A federal appeals court reinstated a retaliation lawsuit filed by a fired University of Michigan custodian, pointing to the short period of time between her support of a disabled former employee and her termination.
Karen Zarza, who is now deceased, worked for the university from 2003 to 2017 and during much of his tenure supervised between 15 and 20 janitors and custodians, according to Friday’s ruling by the 6th U.S. Circuit Court of Appeals in Cincinnati in Joshua Zarza, Substitute on behalf of Karen Zarza, Deceased, v. Board of Regents of the University of Michigan.
One of the custodians under her supervision suffered a series of work-related injuries that he said left him disabled and fired by the university, the ruling said.
The former employee filed two lawsuits against the university, and Zarza said she planned to testify on his behalf at a meeting with supervisors in May 2017.
Zarza was placed on administrative leave in September 2017 and later terminated.
She filed suit in U.S. District Court in Port Huron, Michigan, alleging retaliation. The district court granted the university summary judgment, which was reversed by a three-judge appeals court panel.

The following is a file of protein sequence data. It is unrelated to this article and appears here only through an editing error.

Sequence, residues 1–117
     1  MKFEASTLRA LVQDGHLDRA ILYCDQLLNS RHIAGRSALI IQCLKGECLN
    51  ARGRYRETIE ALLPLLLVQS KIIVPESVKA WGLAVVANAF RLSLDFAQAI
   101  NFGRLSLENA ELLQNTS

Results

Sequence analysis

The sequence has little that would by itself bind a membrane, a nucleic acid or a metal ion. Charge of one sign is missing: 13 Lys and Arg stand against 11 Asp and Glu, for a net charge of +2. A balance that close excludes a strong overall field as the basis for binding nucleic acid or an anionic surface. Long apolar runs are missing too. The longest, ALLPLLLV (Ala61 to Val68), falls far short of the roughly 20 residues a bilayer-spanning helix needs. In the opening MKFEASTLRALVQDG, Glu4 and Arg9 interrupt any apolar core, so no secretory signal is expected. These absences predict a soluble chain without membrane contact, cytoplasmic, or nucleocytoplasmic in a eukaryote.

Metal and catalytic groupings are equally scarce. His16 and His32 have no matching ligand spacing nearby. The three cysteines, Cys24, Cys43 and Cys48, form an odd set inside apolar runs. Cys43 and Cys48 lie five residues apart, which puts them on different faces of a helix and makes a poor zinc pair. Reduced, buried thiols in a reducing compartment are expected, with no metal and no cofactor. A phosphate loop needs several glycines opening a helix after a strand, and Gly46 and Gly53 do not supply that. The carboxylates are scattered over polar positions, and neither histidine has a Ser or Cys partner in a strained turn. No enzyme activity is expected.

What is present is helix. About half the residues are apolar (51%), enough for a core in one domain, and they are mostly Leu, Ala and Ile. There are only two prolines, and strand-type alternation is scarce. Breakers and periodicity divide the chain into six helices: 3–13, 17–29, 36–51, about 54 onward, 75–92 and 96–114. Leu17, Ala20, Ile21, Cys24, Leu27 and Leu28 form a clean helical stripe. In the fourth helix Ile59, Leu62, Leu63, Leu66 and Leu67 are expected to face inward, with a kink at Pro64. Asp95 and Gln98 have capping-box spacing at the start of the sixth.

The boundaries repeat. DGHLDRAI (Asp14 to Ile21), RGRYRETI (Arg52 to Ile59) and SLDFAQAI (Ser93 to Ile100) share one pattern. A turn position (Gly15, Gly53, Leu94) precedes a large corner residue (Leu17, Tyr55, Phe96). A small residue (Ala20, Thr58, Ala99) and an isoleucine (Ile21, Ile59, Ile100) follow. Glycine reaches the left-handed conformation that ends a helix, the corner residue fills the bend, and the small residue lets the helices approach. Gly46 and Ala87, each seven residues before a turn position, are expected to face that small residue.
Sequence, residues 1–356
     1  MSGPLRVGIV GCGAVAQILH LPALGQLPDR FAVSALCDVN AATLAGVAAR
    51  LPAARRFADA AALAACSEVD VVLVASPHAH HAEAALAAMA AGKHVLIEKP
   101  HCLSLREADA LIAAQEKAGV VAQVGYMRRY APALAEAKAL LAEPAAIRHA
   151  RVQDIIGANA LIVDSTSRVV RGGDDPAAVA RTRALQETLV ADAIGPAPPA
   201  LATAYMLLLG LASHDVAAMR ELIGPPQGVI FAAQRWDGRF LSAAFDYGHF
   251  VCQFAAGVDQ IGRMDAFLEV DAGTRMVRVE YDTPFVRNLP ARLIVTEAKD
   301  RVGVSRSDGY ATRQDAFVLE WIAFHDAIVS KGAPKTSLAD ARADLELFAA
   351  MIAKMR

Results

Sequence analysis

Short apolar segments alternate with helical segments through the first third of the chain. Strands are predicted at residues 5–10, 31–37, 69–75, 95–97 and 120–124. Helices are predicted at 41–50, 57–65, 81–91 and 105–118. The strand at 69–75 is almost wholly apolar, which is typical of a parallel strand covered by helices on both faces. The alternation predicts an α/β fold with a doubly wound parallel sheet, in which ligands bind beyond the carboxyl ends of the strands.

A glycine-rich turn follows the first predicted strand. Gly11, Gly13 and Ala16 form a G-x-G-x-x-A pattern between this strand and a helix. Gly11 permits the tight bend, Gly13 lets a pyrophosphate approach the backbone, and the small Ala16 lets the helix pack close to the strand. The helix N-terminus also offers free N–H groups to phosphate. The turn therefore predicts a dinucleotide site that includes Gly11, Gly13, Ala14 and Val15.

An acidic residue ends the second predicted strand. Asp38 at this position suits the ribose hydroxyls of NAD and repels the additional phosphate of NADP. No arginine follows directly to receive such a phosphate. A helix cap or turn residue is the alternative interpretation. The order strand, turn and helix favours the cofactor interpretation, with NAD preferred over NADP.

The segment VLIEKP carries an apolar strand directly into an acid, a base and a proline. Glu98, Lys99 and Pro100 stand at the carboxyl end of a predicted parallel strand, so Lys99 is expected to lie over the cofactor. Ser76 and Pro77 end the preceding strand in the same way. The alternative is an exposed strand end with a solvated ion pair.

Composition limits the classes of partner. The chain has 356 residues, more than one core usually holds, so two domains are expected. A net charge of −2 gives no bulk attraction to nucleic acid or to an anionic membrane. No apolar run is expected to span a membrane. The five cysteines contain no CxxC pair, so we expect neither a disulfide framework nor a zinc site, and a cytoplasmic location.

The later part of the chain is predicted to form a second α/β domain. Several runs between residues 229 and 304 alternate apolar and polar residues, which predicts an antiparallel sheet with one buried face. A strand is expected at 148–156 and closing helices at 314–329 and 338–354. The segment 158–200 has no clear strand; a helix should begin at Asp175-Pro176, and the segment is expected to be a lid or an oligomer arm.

“A jury could find that the university’s stated reason” for her termination, which was alleged unprofessional conduct, “functioned as a pretext for retaliation,” the ruling said.
“Other realities undermine the university’s purported justification,” it said, including that she had worked for the university for 14 years with no documented discipline and had been recommended for a promotion a year before her termination.
“Remember the timing. Four months separated Zarza’s first complaint” from a supervisor’s decision to suspend her, the panel said, in reversing the lower court and holding a jury should try the case.
Plaintiffs’ attorney Michael N. Hanna, with Morgan & Morgan PA in Southfield, Michigan, said in a statement: “We are pleased that the Sixth Circuit reversed the summary judgment and look forward to a jury deciding this issue on the merits.”
The university’s attorney did not respond to a request for comment.